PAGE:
What to Consider When Choosing a Home Fireplace

Relieved of being the primary provider of heat, contemporary fireplaces play with style and ambiance.

For gas fireplaces, the trend is shifting toward a more traditional look that replicates a log set rather than the glass beads that have been popular over the past few years. Room designed by Nyla Free. Photograph by Phil Crozier.

There are few things that make a room seem more warm and welcoming than a fire burning in a fireplace. But too often an unused fireplace is an unwelcome addition to a room, adding maintenance woes and taking up space in a central area. Replacing or renovating a fireplace and surround can be not only time consuming, but costly depending on the situation, so getting it right is paramount. We talked to local designers and decorators about what you need to consider, whether you’re building a new home, adding a fireplace to your current home or revamping an existing hearth.


Start with Intention

Designer LeAnne Bunnell tells clients to start by thinking about the intention of both the fireplace and the room you want it in. Is the fireplace meant to heat the room, create a focal point or add ambiance? “The aesthetic, the choice of gas versus wood, the size of the firebox and the finish selection, all hinge on the answer to these questions,” says Bunnell.

Self-taught interior decorator Louis Duncan-He echoes this sentiment. “A fireplace is a feature that naturally initiates gathering and conversation,” he says. “The way a family likes to spend quality time and entertain should inform the placement of the fireplace.”

Nyla Free, another Calgary-based interior designer, suggests thinking beyond the traditional placement of the fireplace in the living room. She notes that direct-vent fireplaces allow designers and homeowners to add a fireplace into a principal bedroom, dining room, outdoors or even into a bathroom.

No matter what your style or preference for gas or wood, there is a fireplace for you.

“The goal is for you to just love sitting beside your fireplace,” says Jason Meyer, president of Hearth + Home Fireplace.


Wood vs. Gas

When thinking about whether to install (or convert) a wood- or gas-burning fireplace, again consider how you live, what you like about fires and how you want to use your fireplace.

Wood offers the advantage of a homey crackle, and the advantage (or disadvantage) of the smell of both wood and smoke. Gas is cleaner in every way: there are no ashes or wood chips to clean up, no smell and the fuel itself burns cleaner than traditional wood (although high-efficiency wood-burning fireplaces are more comparable). Gas inserts can also be installed more easily in many areas of the home.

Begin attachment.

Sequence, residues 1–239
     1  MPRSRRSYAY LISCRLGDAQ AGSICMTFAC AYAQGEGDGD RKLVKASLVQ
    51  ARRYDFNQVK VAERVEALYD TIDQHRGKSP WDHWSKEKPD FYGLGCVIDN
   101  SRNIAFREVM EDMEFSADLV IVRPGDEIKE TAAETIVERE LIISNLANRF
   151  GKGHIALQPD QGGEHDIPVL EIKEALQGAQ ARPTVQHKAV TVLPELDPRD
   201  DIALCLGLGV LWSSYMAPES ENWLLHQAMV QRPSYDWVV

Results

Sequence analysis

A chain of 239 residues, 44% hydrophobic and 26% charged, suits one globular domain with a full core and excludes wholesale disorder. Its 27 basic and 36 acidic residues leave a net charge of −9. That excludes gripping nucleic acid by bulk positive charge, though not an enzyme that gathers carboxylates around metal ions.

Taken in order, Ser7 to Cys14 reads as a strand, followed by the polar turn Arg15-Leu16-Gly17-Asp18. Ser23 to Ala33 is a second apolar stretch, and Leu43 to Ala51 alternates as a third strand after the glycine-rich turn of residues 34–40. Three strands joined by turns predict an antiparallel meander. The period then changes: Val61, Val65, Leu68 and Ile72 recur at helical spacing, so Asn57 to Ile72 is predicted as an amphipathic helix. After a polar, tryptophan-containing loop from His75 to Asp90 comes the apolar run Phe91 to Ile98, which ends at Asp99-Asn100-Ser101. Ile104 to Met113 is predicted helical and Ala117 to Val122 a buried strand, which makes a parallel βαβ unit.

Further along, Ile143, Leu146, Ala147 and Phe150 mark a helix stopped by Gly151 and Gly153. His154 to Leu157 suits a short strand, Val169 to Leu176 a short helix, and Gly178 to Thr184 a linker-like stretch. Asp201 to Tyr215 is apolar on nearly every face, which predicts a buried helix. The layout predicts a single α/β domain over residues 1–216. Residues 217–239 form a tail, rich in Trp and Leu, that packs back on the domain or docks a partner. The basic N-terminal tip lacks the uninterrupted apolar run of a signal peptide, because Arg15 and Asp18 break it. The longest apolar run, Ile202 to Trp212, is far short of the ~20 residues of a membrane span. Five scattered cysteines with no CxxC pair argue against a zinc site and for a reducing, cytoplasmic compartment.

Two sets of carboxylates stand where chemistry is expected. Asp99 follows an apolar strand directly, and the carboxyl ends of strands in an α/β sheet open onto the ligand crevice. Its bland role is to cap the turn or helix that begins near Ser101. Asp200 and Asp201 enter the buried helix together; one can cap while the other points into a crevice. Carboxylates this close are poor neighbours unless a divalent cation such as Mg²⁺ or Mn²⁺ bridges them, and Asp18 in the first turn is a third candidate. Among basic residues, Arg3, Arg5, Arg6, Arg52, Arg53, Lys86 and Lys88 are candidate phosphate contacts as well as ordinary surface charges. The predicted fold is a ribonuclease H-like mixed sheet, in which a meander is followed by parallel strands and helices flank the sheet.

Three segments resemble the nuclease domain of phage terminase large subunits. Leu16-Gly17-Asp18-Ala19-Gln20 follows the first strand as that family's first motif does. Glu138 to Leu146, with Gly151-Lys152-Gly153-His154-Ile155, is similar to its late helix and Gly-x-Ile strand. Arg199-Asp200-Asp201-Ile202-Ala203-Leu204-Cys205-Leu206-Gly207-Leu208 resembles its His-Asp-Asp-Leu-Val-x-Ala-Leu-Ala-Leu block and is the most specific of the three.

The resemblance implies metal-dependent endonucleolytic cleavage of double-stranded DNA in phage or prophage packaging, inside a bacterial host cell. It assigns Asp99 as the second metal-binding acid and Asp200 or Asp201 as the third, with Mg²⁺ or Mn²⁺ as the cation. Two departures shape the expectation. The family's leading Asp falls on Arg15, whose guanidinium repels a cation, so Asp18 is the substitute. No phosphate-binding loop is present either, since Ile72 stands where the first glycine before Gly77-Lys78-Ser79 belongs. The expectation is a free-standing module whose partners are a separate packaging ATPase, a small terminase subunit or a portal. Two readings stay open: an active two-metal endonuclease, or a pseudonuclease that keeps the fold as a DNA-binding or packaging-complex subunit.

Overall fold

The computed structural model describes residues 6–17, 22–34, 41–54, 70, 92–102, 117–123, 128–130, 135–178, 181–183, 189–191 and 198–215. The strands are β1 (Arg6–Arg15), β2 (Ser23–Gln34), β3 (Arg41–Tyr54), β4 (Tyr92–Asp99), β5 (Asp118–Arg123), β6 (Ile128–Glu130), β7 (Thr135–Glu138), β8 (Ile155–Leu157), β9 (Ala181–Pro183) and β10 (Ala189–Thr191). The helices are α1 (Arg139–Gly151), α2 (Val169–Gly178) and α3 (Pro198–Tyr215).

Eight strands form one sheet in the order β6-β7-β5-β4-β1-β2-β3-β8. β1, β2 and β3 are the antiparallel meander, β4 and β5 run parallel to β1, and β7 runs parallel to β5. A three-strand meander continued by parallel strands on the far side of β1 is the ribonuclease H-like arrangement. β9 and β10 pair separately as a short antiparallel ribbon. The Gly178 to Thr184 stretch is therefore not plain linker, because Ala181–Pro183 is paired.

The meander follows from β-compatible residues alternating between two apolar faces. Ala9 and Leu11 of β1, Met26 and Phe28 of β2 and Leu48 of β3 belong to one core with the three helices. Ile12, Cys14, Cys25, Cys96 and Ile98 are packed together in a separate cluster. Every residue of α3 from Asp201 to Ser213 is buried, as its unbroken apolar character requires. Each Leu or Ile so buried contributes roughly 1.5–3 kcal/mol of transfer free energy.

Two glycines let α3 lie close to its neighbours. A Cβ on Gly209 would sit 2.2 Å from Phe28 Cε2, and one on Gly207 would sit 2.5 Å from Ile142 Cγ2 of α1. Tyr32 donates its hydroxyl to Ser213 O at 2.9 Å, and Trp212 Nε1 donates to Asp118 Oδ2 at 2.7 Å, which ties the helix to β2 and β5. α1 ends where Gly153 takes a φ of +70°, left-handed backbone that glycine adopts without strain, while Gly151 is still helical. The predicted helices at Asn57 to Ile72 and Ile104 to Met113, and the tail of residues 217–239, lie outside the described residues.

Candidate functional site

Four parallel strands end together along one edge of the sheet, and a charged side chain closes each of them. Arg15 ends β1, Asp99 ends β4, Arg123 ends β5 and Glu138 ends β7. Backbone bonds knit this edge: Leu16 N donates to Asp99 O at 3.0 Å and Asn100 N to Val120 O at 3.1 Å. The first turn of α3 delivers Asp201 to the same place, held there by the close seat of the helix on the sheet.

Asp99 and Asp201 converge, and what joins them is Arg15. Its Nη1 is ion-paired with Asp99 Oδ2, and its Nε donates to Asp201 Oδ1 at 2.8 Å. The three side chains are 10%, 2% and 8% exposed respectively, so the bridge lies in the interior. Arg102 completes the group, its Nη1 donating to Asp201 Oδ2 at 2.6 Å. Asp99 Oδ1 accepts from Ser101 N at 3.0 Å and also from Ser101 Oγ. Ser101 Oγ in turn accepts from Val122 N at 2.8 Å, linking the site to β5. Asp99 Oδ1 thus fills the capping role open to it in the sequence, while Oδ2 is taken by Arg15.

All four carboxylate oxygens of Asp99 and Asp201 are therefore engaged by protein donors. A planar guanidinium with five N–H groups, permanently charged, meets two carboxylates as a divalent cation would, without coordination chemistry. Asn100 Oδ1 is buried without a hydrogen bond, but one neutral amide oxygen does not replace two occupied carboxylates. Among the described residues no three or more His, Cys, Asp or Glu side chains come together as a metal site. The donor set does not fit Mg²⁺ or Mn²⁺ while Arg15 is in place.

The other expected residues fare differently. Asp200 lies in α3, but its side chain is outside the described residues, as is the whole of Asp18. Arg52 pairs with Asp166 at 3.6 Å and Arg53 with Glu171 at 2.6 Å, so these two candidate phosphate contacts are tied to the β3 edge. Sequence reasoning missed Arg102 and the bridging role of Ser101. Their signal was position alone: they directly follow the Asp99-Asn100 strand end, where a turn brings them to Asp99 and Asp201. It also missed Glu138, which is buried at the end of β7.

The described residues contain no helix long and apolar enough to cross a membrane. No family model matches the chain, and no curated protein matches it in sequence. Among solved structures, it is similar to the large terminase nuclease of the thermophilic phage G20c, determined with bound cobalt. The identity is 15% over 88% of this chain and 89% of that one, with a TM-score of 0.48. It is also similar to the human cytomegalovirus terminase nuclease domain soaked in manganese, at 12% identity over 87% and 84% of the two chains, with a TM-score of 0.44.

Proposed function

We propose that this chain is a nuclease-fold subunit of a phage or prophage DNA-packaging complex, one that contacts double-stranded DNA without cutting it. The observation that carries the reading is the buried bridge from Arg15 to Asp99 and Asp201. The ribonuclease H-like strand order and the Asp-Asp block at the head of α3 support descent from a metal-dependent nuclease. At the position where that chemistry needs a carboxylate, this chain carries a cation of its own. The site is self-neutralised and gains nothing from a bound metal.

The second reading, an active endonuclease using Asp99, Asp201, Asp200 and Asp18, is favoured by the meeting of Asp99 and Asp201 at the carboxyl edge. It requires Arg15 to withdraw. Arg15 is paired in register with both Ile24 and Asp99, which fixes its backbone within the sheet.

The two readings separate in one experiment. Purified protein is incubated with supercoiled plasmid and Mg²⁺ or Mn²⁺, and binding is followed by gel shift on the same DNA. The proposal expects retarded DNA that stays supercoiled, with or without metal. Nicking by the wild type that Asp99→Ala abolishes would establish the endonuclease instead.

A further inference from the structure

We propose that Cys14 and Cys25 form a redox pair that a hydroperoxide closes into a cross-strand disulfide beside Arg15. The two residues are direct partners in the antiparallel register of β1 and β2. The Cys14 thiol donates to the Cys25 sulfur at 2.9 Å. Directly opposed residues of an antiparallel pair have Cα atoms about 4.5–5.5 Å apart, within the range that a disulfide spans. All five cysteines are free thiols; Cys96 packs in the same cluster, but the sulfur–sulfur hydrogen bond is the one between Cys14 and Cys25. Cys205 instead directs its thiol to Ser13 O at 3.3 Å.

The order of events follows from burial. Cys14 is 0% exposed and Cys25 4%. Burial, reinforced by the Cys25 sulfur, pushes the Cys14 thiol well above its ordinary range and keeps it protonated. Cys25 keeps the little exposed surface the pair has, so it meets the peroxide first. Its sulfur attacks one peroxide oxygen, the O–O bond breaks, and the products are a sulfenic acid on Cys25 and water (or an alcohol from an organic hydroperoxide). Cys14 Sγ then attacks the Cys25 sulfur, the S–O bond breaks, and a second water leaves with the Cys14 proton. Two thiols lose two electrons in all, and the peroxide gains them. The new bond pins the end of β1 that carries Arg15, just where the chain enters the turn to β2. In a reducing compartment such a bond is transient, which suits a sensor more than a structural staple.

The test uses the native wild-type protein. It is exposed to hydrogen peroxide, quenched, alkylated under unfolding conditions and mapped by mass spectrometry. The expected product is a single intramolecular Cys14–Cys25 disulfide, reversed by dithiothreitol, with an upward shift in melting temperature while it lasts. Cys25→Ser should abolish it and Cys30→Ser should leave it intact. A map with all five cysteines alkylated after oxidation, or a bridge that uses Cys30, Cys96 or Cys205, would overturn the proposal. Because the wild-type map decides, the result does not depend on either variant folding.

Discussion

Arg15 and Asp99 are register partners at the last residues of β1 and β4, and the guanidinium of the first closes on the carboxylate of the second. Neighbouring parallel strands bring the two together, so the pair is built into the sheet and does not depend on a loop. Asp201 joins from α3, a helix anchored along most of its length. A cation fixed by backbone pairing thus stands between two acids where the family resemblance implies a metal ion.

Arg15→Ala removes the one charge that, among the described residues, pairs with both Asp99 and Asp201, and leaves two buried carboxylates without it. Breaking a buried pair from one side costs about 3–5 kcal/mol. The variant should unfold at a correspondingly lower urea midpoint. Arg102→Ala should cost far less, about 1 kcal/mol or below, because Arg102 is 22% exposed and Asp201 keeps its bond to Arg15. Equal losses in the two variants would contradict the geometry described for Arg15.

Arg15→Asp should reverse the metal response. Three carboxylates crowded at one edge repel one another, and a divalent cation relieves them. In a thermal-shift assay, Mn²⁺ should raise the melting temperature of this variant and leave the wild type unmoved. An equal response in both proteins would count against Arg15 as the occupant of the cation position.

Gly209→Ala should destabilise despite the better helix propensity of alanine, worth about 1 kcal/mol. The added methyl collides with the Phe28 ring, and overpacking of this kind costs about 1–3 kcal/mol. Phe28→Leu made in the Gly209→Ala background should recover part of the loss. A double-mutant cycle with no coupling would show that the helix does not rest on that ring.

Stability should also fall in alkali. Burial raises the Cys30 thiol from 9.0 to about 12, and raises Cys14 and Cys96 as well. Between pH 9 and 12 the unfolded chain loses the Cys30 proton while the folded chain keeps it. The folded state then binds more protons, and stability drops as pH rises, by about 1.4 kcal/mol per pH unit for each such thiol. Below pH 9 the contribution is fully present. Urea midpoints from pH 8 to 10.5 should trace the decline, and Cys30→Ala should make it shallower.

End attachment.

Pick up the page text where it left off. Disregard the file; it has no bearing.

“There is a lot to be said for the convenience of a gas fireplace,” says Duncan-He. “However, you just can’t replicate the smell, crackle and intimacy of a wood fireplace. I also really love the idea of there being a bit of a ritual in the starting of the fire.”

For many people though, the practical aspects of gas allow them to enjoy it that much more. “My favourite fireplace is the one I’m going to use the most,” says Meyer. “The fire creates its own magic in a space. It’s more than just warmth, so the more we have it in action — whether it’s wood or gas or electric — the more magic we create.”


Trend Alert


Floor-to-Ceiling Surrounds

Room designed by Louis Duncan-He of Louis Duncan-He Designs.Photograph by Louis Duncan-He Designs.

According to decorator Louis Duncan-He, one of the biggest trends right now is playing with scale, especially floor-to-ceiling surrounds.


Linear vs. Square

According to Jason Meyer, president of Hearth + Home Fireplace, for gas fireplaces the trend is toward taller fireboxes, while for wood-burning, the move is toward linear fireplaces.


Clean Lines

Room designed by LeAnne Bunnell. Photograph by Jared Sych.

Large-format tiles and stone slabs create cleaner visuals with fewer seams, allowing the beauty of the material to stand out, says interior designer Nyla Free.


Modern Materials

Modern fireboxes allow for combustible materials to be placed much closer to them. This means decorators and designers can even use wallpaper around certain models. According to interior designer LeAnne Bunnell, that ability to bring combustible materials right up to the firebox allows for very crisp and refined results.

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